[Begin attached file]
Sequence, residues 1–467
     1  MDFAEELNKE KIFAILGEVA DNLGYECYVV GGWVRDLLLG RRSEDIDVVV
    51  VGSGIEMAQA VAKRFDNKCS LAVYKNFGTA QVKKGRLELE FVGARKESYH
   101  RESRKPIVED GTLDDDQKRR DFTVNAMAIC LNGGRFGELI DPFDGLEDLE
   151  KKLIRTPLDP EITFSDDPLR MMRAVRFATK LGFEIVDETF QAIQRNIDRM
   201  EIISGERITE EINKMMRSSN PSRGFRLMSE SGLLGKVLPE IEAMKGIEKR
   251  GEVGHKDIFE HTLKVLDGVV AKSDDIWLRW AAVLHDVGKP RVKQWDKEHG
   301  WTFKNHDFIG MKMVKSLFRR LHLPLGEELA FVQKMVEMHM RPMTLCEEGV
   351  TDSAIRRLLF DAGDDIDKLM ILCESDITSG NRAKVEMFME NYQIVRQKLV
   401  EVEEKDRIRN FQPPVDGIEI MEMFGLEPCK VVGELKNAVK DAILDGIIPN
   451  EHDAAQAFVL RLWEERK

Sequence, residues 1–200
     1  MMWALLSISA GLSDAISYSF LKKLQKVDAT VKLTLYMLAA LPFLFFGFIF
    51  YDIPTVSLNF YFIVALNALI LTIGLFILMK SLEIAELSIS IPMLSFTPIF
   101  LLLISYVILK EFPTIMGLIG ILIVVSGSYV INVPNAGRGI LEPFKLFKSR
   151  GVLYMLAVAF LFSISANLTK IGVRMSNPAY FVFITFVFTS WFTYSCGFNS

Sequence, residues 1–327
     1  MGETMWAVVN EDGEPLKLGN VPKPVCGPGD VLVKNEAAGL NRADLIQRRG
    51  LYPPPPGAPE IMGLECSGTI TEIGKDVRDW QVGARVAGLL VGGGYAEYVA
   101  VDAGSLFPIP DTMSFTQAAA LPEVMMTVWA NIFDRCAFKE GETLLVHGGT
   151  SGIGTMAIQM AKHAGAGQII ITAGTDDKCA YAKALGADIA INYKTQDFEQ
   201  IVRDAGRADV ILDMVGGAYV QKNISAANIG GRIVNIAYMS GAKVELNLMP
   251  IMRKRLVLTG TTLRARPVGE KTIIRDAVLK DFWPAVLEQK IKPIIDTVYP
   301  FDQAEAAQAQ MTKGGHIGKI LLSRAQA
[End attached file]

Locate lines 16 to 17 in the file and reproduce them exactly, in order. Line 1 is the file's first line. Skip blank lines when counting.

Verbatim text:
   151  GVLYMLAVAF LFSISANLTK IGVRMSNPAY FVFITFVFTS WFTYSCGFNS

Sequence, residues 1–327